Marker 531: Gale College Historic District

Photographed September 14, 2013
Erected 2009 by Wisconsin Historical Society
Galesville, Trempealeau County, Wisconsin
44° 4.762′ N, 91° 22.043′ W

Founded in 1854, Galesville University (later known as Gale College) was one of the earliest institutions of higher education in Wisconsin and a notable attempt to bring higher education to the newly recognized state. Affiliated with four different religious denominations over its nearly 150-year history, Gale College played an important role in the history of higher education in Wisconsin.

George Gale (1816-1868) was born in Vermont and came to practice law in Wisconsin in 1841. He was a delegate to the state constitutional convention in 1847-48, and later served as a state senator and circuit judge. In 1853, Judge Gale purchased a large tract of land in the area and platted Galesville in 1854. That same year he received a charter to establish a college in Galesville and the first classes were held in 1859. Designed by a local architect and built with locally quarried limestone. Main Hall (1859-1862) is typical of the early Italianate style.

Originally associated with the Methodist-Episcopal Church, the college was later operated by the Presbyterian Church from 1877 until 1901. The Lutheran Church took over in 1901 and built two large dormitories. The tan brick St. Joseph's Hall (1906) has neo-Classical decorative elements. The George Gale gravesite is located directly behind St. Joseph's Hall. The red brick St. Anne's Hall (1915) is an interpretation of the Collegiate Gothic style. However, the college closed in 1939 due to declining enrollment.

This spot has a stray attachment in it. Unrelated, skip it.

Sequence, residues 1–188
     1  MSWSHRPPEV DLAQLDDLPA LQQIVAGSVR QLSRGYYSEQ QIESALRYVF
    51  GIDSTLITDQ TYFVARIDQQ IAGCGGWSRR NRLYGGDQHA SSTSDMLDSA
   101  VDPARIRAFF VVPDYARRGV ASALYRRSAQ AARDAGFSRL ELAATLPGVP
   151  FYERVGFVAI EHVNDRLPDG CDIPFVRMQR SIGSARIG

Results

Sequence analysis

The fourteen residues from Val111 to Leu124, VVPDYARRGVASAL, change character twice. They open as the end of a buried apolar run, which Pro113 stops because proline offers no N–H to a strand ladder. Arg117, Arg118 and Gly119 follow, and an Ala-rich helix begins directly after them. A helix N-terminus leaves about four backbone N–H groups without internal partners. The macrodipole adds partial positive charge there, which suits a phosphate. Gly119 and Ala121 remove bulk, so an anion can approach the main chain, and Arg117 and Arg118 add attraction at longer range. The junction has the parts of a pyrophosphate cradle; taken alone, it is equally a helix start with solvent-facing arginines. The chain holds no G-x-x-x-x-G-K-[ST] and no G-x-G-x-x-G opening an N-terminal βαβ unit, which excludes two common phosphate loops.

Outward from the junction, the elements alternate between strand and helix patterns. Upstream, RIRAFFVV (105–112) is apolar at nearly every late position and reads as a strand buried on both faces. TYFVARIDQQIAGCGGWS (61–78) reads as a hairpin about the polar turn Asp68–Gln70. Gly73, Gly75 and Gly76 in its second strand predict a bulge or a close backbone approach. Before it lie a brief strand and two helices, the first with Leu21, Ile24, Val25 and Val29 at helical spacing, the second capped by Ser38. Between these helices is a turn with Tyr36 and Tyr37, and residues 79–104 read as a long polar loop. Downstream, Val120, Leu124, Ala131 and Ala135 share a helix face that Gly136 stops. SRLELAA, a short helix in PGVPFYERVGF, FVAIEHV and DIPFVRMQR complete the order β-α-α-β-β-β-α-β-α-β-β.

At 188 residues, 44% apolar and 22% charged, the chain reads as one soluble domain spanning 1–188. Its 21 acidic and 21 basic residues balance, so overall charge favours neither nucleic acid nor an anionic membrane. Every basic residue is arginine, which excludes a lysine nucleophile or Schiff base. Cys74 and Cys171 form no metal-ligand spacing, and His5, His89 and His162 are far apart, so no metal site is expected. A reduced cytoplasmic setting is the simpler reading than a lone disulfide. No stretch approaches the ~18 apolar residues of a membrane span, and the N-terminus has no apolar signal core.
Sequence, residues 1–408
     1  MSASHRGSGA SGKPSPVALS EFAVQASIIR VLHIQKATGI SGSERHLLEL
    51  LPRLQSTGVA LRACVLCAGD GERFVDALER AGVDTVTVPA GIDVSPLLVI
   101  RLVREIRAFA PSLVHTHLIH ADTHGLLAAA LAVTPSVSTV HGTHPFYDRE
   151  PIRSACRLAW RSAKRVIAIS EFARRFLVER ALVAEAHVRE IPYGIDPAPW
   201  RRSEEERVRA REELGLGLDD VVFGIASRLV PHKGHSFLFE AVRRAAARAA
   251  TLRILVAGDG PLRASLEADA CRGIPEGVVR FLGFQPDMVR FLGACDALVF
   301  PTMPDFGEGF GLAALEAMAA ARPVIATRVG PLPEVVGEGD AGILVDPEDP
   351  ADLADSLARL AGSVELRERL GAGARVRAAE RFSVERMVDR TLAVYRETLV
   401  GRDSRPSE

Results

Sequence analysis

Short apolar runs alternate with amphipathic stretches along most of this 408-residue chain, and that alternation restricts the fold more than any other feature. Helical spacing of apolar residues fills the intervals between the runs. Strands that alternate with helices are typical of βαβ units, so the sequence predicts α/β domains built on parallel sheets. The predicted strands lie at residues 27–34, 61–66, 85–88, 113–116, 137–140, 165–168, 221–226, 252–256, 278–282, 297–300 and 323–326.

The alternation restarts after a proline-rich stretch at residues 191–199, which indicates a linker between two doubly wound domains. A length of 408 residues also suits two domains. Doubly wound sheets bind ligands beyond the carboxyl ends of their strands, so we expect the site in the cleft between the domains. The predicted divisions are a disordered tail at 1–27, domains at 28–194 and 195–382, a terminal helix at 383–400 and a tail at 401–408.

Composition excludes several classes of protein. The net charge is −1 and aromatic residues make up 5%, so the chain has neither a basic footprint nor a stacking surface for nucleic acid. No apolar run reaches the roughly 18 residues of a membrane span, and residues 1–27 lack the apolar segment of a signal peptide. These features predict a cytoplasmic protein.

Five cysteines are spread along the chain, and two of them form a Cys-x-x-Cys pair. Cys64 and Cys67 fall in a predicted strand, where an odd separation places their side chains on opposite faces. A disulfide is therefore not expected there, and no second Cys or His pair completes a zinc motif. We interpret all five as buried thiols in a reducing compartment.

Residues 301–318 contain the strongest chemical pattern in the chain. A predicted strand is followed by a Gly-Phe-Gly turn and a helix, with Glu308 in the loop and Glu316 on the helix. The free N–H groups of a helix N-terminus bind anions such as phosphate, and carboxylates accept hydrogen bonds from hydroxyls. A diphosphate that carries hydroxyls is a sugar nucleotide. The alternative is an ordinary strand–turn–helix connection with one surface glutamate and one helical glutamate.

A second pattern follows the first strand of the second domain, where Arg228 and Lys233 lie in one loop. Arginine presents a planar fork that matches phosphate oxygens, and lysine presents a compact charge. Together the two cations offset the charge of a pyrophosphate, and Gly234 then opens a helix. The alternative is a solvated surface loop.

In 1941, the Society of Mary purchased the property and renamed the college Marynook. The Catholic brothers operated the buildings as a novitiate and built the rough-cut limestone St. Mary's Hall (1965). Later, Marynook became an ecumenical retreat center. In 1995, the entire former Gale College campus and buildings were purchased by the City of Galesville. The Gale College Historic District was listed on the National Register of Historic Places in 1984.
The marker is located on the grounds of Old Main Historical & Community Arts Center, 20869 College Avenue, near its intersection with South 12th Street, Galesville, Wisconsin 54630.

I visited on a very special day -- the "Main Event" Annual Celebration and Fund Raiser, with wine tasting, cheese sampling, and live music "under the pines". It was wonderful!

 The back side of Old Main . . .

 Nancy Edstorm played the restored Hammond Organ . . .

 Terry Grosskopf (bass) and Ron Reimer (accordian)
-- jazz and more, including an awesome polka!

Followed the signs to Old Main, 
a quick jaunt off Great River Road (Highway 35)

Yup! That's how high the corn grew!

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